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Legislative Summit Surfaces Water and Funding Issues

 By Paula Garcia
NMAA hosted an Acequia Legislative Summit attended by 54 acequia leaders and several area legislators. The purpose of the summit was to discuss issues of importance to acequias from the 2015 and 2016 legislative sessions and to plan ahead for issues that are anticipated during the 2017 session. Acequia leaders from most of the northern counties as well as from southern NM attended. Legislators who attended included Senators Peter Wirth, Linda Lopez, and Carlos Cisneros and Representatives Jim Trujillo, Carl Trujillo, and Stephanie Garcia-Richard. Several other legislators expressed support and interest and specifically requested follow up meetings and proceedings of the Summit.
The primary policy issue discussed water leasing procedures which was the subject of a bill in the 2015 session (SB 493 – Wirth and Nuñez) which clarified the proper procedure for processing a water lease application such that due process should be followed rather than OSE granting a permit for immediate use of water before there is a hearing on a protest. Senator Wirth gave a debrief of the legislation and provided some analysis as well as a summary of the legislative process. The bill passed the Senate but was never heard in the House as it was pending some compromise between various parties involved in the bill. NMAA provided a brief policy memo to attendees with background information and policy recommendations.
In terms of funding, there was extensive discussion about the Capital Outlay issue and the need for acequia infrastructure funding. Before engaging in some strategy discussion about capital outlay, NMAA and partners provided an overview of various funding sources available to acequias in order to provide some context. Norman Vigil and Debbie Hughes were available to share information about the partnership between the NM Association of Conservation Districts (NMACD), the Interstate Stream Commission (ISC), and NMAA to provide access to acequias to funding through the USDA Resource Conservation Partnership Program (RCPP). Kenny Salazar, past president of NMACD and President of the Eastern Rio Arriba Soil and Water Conservation District was available to discuss how local districts are essential partners on acequia projects. Paula Garcia explained the ISC 90-10 program and how the federal and state programs are leveraged into a package. Norman Vigil explained that there is a bottleneck in getting engineering designs completed and suggested that, for some acequias, Capital Outlay is a good option for getting funding to prepare engineering designs in advance of asking for construction funding.
One recommendation from the meeting was to make a special effort to review each of the projects that was vetoed to see where improvements can be made in their overall plan to ensure that each project has a phased approach and appropriate funding for each phase. NMAA committed to assisting acequias with ICIPs and to communicate with legislators about whether those same projects can be funded with other sources (as part of an overall package) and with a recommendation for whether Capital Outlay can be a helpful part of that package. The hope was that those projects could be re-submitted for Capital Outlay in the next legislative session and could possibly earn the support of the Governor if they are well-planned and funded for completion of a phase (i.e. engineering design or completed construction of a functional phase.) Participants at the summit emphasized the value of agriculture and acequias to the state in terms of our capacity for local food production and the livelihoods supported by agriculture.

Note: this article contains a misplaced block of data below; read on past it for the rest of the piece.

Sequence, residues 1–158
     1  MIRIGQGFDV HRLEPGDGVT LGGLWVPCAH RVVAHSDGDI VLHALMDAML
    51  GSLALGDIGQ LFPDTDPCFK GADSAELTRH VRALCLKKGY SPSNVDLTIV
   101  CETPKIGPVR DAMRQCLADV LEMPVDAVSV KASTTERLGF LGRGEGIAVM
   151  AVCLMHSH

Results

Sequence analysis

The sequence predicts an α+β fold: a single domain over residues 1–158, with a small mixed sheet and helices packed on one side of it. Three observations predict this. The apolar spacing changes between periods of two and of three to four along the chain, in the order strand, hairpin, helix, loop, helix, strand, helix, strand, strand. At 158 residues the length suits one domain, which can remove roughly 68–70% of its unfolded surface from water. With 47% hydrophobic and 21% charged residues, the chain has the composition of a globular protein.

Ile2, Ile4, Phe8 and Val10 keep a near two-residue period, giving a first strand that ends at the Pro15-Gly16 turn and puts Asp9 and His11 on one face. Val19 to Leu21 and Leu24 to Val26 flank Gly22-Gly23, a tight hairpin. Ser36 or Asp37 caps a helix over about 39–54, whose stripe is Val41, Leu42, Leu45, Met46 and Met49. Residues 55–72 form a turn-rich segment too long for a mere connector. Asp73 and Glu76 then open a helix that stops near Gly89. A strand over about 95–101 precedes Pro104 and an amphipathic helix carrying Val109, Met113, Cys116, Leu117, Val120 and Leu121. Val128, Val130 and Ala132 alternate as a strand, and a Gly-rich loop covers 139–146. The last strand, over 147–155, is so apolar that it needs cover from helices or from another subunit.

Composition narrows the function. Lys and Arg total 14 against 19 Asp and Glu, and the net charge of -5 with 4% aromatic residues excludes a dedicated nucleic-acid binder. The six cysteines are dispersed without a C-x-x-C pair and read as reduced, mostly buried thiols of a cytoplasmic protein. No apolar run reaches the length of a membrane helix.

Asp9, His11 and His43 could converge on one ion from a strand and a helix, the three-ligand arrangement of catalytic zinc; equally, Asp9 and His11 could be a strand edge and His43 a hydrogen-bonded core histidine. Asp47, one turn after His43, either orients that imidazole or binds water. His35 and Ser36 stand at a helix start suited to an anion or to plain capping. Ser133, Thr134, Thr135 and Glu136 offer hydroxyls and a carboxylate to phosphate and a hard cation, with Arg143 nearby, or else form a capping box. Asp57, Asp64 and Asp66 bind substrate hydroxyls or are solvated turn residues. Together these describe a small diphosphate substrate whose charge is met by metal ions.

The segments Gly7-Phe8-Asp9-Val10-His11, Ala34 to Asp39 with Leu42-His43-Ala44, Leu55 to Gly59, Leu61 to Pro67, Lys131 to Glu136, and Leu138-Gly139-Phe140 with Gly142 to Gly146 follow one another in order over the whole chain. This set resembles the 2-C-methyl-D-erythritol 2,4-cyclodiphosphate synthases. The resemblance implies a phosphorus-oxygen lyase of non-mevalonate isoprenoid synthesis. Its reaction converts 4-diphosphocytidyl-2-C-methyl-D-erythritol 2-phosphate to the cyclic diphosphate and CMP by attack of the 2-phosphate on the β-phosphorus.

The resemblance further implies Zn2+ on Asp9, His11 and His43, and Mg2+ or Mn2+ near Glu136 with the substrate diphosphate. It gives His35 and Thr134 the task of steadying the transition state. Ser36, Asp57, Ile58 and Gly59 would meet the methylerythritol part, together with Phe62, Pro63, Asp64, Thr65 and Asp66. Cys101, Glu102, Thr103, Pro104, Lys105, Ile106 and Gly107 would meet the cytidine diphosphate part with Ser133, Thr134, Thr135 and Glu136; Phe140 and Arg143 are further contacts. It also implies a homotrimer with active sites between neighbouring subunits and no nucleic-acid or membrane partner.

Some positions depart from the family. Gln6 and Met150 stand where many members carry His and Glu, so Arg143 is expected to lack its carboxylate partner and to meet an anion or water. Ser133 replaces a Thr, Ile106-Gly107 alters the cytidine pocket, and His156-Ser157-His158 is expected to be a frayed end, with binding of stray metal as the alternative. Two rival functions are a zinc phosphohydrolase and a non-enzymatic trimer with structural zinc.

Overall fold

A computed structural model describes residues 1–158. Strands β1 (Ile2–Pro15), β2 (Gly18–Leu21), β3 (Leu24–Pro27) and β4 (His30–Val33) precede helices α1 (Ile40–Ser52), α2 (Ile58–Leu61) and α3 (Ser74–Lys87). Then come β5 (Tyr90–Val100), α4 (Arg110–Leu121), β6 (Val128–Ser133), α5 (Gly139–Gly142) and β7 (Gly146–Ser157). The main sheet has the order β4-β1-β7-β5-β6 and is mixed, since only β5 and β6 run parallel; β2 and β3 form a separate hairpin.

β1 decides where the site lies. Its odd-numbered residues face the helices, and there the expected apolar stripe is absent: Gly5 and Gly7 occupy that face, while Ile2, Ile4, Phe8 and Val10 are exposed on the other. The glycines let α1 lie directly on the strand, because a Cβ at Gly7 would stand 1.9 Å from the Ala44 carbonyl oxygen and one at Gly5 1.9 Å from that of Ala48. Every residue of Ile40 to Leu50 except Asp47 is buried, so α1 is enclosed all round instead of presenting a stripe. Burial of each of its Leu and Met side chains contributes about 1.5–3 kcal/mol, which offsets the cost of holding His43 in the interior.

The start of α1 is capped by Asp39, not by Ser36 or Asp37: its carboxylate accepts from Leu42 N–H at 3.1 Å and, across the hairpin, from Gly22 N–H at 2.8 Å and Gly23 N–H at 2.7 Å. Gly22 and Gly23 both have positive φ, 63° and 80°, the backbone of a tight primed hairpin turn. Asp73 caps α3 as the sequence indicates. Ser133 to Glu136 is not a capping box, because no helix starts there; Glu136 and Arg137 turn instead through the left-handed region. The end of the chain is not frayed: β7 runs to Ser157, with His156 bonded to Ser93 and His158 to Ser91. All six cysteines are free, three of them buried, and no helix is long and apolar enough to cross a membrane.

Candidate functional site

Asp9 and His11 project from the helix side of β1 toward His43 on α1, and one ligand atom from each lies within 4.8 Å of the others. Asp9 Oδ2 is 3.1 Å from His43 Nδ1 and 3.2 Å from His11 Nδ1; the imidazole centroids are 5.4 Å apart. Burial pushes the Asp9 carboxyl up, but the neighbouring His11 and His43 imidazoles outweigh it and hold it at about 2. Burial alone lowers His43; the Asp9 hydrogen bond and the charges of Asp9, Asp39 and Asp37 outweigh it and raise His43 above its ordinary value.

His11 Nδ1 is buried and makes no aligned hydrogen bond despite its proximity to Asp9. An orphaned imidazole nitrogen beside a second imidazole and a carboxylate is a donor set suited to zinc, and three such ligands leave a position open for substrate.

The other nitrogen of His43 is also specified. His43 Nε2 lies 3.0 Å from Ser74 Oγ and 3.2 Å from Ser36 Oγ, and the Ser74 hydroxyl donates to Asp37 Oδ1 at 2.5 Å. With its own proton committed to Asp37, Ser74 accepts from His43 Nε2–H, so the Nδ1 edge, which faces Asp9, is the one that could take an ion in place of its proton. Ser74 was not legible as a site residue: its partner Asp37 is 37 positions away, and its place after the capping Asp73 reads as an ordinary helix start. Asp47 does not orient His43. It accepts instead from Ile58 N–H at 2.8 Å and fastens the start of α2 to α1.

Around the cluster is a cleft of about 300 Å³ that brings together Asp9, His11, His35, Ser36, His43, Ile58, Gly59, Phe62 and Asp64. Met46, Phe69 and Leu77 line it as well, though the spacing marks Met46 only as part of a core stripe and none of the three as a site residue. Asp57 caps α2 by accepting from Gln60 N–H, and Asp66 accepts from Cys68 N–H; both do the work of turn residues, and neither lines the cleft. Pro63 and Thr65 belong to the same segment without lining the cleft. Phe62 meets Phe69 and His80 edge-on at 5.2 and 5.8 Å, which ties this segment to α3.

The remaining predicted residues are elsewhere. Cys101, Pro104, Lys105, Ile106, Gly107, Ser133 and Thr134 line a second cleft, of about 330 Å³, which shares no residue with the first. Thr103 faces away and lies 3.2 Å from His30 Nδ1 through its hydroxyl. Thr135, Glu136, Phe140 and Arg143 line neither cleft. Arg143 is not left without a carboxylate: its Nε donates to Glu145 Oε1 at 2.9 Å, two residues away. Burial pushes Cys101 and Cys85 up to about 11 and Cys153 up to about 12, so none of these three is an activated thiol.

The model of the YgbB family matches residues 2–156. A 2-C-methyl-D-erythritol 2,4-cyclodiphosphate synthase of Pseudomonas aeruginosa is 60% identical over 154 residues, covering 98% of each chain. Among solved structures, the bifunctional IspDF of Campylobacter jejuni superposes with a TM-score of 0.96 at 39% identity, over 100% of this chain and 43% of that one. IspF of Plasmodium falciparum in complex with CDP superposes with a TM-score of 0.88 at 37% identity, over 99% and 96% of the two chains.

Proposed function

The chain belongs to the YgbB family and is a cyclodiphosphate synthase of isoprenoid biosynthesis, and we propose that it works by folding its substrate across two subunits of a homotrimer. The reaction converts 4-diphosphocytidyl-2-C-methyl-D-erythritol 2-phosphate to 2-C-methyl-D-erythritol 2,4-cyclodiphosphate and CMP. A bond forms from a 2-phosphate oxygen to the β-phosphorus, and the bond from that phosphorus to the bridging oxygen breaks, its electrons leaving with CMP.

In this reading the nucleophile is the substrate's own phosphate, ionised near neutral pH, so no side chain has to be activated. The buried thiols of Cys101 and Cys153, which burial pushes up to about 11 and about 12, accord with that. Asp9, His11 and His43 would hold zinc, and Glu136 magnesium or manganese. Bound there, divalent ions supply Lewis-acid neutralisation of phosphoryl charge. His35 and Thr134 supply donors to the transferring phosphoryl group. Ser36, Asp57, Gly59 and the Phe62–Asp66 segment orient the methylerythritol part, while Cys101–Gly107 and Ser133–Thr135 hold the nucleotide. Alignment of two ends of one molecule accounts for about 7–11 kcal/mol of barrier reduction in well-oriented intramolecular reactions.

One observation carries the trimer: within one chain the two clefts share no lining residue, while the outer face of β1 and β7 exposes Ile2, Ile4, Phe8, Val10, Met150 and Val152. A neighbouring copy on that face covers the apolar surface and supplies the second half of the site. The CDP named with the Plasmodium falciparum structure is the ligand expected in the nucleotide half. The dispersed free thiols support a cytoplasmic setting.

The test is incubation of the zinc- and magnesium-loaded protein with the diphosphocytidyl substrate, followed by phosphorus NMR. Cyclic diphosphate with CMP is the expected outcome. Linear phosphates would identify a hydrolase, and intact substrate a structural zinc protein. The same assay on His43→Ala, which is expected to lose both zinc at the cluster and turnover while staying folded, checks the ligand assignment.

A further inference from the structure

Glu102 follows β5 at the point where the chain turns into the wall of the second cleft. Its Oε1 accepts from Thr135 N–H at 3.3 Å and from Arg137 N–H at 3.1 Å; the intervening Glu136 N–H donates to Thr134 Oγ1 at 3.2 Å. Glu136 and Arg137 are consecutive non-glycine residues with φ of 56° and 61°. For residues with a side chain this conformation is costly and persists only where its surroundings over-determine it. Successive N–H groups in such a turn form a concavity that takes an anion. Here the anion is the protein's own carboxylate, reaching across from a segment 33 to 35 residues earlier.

Another major area of discussion was the status of the Irrigation Works Construction Fund (IWCF). NMAA shared a brief policy memo on the IWCF including fund balance projections that show that the principle of the fund will be depleted by FY2018. The fund is being used to cover the cost of the OSE/ISC including the $1.9 million recurring appropriation that funds the Acequia 90-10 program. Only $7 million of recurring revenue comes into the IWCF and the OSE/ISC budget (including acequia program) is about $14 million. By FY18, the State Legislature will need to find $7 million in General Fund money to keep the OSE/ISC budget whole. NMAA strongly recommends adding $3.5 million General Fund this year and an additional $3.5 million next year to fix the gap and protect the solvency of the fund.
Several other issues surfaced at the summit including a review of past legislation to modify the make-up of various boards and commissions including the Water Trust Board, the Interstate Stream Commission, and others. Representative Carl Trujillo presented about legislation he introduced in previous sessions to create a set aside in the Water Trust Fund for acequia projects, with that funding subject to a streamlines set of ranking procedures. 
There was also substantial discussion about the issue of mega-water transfers including the San Augustin Plains and De Baca county proposals to move tens of thousands of water rights from one region of the state to another (urban) area. The group felt that implications for this type of movement of water are not adequately addressed in the current New Mexico water policy. Some participants mentioned the current regional water planning process and questioned whether the process could adequately address acequias and agriculture because of questions about the methodology used for the common technical platform and the difficulty of sustaining participation from rural farmers and ranchers volunteering their time. NMAA will disseminate proceedings from the summit by the end of May and will make the document available on our website.